Sony FE 50mm f/2.5 G

(Image credit: Future)

Centre sharpness is sensational, especially between f/2.8 and f/5.6. However, our sample lens didn't quite match the centre sharpness of the FE 40mm f/2.5 G, and the same applies to mid-frame and corner sharpness, which is significantly less than you get from the 40mm. Even so, levels of corner sharpness from the 50mm are still very good, especially once you stop down to f/5.6.


Sony FE 50mm f/2.5 G

(Image credit: Future)

As with the FE 40mm f/2.5 G, fringing is a little more pronounced at larger apertures, but is still easily low enough to be unnoticeable in real-world shooting scenarios. Once you stop down to f/4, fringing is as good as non-existent - a very impressive result.

Distortion: 0.83

A negative score indicates barrel distortion, a positive score pincushion. A score of zero signifies no distortion.

The lens produces minor pincushion distortion, but certainly not enough to noticeable in most shooting scenarios. Once lens profiles are available, even this mild distortion will likely be straightened out by raw processing tools like Adobe Camera Raw.


Compared to the massive new Sony FE 50mm F1.2 G Master, this lens looks like a little pipsqueak – but its performance is first rate. (Image credit: Rod Lawton/Digital Camera World)

You have to decide if 50mm is a focal length you like, and if a maximum aperture of f/2.5 is enough. We can’t mark this lens down for either. That f/2.5 maximum aperture is a result of the compact lens design, and for us the remarkable downsizing in this lens is easily worth the loss of light-gathering power. You have to decide which is most important for you – portability or specifications. The modest specs do make this FE 50mm f/2.5 G look quite expensive, but don’t forget you are also getting an aperture ring with a declicking mechanism, dual linear motor AF and first rate optical performance.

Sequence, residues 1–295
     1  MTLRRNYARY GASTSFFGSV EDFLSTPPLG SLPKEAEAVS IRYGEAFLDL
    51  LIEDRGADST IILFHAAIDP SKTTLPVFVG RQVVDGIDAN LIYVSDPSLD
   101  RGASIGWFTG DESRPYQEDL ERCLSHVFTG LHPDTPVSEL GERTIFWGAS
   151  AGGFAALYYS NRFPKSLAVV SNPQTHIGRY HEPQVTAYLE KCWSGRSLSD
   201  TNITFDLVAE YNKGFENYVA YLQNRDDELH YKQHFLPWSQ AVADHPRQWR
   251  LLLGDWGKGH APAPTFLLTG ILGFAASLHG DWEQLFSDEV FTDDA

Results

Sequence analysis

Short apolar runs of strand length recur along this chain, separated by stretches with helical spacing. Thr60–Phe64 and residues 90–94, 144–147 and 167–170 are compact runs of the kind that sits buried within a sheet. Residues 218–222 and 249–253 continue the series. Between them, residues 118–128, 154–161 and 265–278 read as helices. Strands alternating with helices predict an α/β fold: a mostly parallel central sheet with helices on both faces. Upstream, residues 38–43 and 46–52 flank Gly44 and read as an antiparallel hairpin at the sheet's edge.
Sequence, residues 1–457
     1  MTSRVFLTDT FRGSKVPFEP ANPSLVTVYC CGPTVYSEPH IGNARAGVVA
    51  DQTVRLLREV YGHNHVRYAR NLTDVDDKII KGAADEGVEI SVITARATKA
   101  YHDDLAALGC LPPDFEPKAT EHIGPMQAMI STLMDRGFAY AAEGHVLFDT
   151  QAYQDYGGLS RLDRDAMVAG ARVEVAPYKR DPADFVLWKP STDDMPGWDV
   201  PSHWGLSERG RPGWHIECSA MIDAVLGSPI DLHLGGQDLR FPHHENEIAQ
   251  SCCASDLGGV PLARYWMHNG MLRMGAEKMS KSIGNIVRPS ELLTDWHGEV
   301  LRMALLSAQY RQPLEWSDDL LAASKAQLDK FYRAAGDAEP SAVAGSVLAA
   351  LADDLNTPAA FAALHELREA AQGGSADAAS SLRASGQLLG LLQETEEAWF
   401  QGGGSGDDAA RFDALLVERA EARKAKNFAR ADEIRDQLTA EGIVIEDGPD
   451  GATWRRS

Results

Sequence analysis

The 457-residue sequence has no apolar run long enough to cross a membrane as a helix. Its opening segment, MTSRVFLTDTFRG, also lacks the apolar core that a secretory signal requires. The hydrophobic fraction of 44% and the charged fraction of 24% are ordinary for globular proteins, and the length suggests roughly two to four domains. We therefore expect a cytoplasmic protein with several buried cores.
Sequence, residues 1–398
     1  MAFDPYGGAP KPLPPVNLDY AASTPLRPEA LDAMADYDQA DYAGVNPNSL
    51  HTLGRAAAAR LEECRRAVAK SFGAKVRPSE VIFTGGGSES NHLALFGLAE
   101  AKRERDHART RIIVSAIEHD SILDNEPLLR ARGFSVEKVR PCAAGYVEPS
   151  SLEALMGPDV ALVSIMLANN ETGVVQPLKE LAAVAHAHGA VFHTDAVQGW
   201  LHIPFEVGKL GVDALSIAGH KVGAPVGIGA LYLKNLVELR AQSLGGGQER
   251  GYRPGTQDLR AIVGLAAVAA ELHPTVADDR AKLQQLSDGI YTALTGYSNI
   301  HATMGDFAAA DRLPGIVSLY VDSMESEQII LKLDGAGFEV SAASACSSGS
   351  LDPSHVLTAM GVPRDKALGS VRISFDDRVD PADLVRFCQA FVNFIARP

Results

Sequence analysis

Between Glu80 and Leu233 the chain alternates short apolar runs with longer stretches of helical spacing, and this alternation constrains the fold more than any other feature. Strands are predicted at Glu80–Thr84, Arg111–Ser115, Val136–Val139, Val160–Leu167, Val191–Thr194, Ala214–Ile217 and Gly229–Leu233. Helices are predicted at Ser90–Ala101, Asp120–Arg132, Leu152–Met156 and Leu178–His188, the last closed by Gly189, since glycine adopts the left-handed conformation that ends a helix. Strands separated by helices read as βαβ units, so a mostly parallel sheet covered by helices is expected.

Pre-order the Sony FE 50mm F2.5 from Wex
Pre-order the Sony FE 50mm F2.5 from Park Cameras

Read more:

Best Sony lenses
Best Sony cameras
Best 50mm lenses
Sony FE 24mm F1.4 GM
Sony FE 35mm F1.4 GM

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Rod Lawton

Rod is an independent photography journalist and editor, and a long-standing Digital Camera World contributor, having previously worked as DCW's Group Reviews editor. Before that he has been technique editor on N-Photo, Head of Testing for the photography division and Camera Channel editor on TechRadar, as well as contributing to many other publications. He has been writing about photography technique, photo editing and digital cameras since they first appeared, and before that began his career writing about film photography. He has used and reviewed practically every interchangeable lens camera launched in the past 20 years, from entry-level DSLRs to medium format cameras, together with lenses, tripods, gimbals, light meters, camera bags and more. Rod has his own camera gear blog at but also writes about photo-editing applications and techniques at